Grandfamilies: Help, Don’t Harp–How to Make Your Visit a Win

Charleston

CharlestonSawyer, Rob, Cadence, Daphne, Elaine, Me, Rich. Charleston. September 4, 2016.

At the beginning of this month, we were privileged to be the houseguests of daughter Elaine and her husband, Rob. I cherish this privilege because I know that having houseguests for ten days is no small thing, no matter how much love flows between hosts and guests. And in families where bonds are more, shall we say, fragile, the prospect of goof-ups, misunderstandings, and hurt feelings looms large.

So today, I’m offering suggestions to further win-win relationships with your kids and grandkids during visits to their homes.

But first, is a house visit really your best choice? If you know that your children’s household is up-and-at-em at five every morning, while you prefer to watch movies until three a.m. and roll out of bed at the crack of noon, then book a hotel. If the guest accommodations in your children’s home aren’t comfortable to you, in terms of sleep quality or privacy or anything else, then book a hotel. If your relationship is under strain, then book a hotel. If you think the invitation to stay with them is duty-driven, then book a hotel. Consider the expense an investment in your relationship with them.

If you’ve cleared that hurdle and you are all set to stay with your kids, here are some tips to make the stay a positive experience for everyone.

  • Confirm dates before you book travel. Even if they have told you, “you’re always welcome here,”–and mean it–schedules can clog up at times. Asking them about preferred dates and durations can help everyone make the most of your time together.
    • You make scheduling the visit a win when you graciously adhere to their response.
  • Remember that just because you’re on vacation doesn’t mean they are. The odds are good that things like Scout meetings and soccer practice will impact daily schedules. Your kids may or may not have to go to work each day while you’re there. They did not arrange these activities to snub you; it’s just life.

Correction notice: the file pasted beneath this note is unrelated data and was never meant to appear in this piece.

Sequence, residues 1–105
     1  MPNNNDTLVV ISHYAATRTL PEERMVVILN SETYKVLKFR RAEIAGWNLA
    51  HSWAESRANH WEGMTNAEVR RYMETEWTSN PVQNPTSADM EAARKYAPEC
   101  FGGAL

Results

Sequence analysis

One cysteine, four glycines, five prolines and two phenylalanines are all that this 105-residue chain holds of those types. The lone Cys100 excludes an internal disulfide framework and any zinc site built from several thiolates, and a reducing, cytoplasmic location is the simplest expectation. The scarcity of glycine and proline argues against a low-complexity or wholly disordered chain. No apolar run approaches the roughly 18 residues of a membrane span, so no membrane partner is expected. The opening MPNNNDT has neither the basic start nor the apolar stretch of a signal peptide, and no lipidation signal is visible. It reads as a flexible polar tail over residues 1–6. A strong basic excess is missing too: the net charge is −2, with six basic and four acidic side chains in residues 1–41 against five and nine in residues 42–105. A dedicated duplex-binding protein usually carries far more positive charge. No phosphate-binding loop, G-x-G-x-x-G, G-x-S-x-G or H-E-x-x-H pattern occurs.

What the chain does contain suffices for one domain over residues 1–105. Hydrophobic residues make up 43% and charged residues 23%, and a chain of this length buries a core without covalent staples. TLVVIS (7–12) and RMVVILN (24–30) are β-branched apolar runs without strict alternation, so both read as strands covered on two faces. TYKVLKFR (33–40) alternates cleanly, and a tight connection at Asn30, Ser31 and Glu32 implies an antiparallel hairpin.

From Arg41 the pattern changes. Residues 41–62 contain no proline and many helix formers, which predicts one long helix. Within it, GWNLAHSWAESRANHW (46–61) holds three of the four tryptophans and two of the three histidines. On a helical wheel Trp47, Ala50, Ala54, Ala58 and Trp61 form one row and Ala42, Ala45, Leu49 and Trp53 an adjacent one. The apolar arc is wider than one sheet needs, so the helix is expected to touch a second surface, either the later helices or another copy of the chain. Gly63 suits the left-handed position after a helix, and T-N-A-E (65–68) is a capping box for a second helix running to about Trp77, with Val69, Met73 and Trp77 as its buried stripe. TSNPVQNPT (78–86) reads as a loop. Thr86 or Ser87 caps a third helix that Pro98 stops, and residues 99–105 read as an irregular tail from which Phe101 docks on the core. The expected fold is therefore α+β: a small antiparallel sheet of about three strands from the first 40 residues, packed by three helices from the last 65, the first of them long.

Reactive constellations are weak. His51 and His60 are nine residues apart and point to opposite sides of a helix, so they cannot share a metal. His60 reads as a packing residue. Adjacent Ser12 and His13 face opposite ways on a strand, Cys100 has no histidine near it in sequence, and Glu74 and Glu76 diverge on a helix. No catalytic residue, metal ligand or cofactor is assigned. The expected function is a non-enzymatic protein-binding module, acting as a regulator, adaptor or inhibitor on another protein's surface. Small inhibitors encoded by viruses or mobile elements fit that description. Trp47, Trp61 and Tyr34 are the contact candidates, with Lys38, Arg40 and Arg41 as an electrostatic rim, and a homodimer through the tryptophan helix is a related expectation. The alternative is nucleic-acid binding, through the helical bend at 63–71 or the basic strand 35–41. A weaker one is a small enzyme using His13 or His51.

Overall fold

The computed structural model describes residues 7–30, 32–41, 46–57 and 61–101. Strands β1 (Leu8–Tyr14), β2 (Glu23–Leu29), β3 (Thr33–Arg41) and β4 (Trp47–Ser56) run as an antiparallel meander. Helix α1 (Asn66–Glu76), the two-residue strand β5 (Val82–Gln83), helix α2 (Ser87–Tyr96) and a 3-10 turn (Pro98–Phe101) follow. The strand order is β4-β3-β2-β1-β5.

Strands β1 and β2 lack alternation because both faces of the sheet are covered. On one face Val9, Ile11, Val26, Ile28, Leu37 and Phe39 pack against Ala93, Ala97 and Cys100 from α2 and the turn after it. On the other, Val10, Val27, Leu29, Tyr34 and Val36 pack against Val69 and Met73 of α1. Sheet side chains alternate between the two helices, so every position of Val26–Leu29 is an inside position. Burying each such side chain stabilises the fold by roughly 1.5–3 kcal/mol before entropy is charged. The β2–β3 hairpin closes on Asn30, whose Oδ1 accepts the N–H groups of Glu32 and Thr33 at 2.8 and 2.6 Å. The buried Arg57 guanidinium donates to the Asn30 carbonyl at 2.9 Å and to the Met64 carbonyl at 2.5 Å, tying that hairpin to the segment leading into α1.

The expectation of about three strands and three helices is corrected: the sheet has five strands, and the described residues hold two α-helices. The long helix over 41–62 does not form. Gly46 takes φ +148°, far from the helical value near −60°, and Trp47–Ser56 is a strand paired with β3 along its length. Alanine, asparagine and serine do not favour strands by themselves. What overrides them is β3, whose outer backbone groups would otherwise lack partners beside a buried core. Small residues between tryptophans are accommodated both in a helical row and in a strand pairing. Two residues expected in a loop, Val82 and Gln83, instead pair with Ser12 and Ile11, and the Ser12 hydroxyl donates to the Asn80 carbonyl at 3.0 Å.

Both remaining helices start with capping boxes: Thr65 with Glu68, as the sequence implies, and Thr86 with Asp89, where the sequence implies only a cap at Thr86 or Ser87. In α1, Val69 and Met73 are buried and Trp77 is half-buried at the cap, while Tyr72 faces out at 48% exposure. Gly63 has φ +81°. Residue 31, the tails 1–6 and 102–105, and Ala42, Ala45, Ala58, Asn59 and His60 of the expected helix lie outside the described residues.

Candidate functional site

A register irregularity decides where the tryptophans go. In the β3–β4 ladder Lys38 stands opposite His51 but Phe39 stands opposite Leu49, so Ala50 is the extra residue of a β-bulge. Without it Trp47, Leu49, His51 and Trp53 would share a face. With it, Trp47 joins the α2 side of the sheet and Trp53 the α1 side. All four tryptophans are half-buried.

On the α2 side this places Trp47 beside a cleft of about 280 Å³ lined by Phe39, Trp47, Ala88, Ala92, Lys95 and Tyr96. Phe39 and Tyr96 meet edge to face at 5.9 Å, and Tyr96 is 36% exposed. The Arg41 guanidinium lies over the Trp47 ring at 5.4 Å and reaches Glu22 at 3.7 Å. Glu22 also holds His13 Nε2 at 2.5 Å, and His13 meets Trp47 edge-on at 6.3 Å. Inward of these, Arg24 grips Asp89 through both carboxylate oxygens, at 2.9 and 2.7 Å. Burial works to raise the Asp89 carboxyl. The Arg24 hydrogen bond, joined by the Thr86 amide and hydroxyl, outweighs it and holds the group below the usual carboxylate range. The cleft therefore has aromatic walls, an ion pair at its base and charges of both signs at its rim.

• You make this situation a win by proposing to cook dinner on Scout night, offering to drive to soccer practice, and happily planning to amuse yourselves during their busy times.
  • Help, don’t harp. I once came home from a quick grocery store run to discover my (then) mother-in-law mopping my kitchen floor “to help me out.” The only trouble was she had watched me mop that floor two hours before my trip to the store. Her “helpfulness” felt more like a statement on my housekeeping.
    • You make your willingness to help a win by asking how you can help instead of assuming a certain task needs your meticulous attention. “What can I do to help today?” or “Is it my turn to set the table?” or even “Would you like me to unload the dishwasher?” are all good starts.
  • Chip in. Two extra mouths to feed for ten days (to use our recent trip as an example) impacts the grocery bill. Whatever your assessment of your hosts’ ability to cover the extra expense, you should at least offer to contribute. Hopefully a simple, “Here’s some money to help with the groceries,” will be accepted with no fuss, no muss. If that won’t fly, you could try, “Can we be the boss of dinner tomorrow night?” Then you can buy groceries and cook, provide take-out, or host the family at a restaurant. You can cover admission fees at attractions they take you to see or fill up the car with gas if they’re ferrying you around town.
    • You make your generosity a win by offering with humility and never acting like some ostentatious bestower of small fortunes. Humility does not say, “I know the zoo admission is too expensive for you, but we want to go, so we’ll pay your way.” It says, “We hear your local zoo is amazing. We’d love to treat you all to a visit. Will tomorrow work for you?”

Of course, how carefully, or whether, you need to consider these suggestions depends on the relationship you have with your kids and their spouses. Your past visit history comes into play, too. Finally, if you all assume good faith from the start, the odds of hurting or insulting one another shrink.

If you have a question or tip for great family visits, share it in the comments, won’t you?

rabbit conga

And let us not grow weary of doing good, for in due season we will reap, if we do not give up. 10 So then, as we have opportunity, let us do good to everyone, and especially to those who are of the household of faith.

Galatians 6:9-10 (ESV)

rabbit conga

 

On Tuesdays, we’re talking about families and the joys and challenges that arise when we stretch across three (or more?) generations (child, parent, grandparent). Everyone is welcome, and I hope to hear each generation’s perspective.  Being family is by turns effortless, impossible, blessed, challenging, hurtful, joyous . . . . Let’s talk about it.
Please join us.

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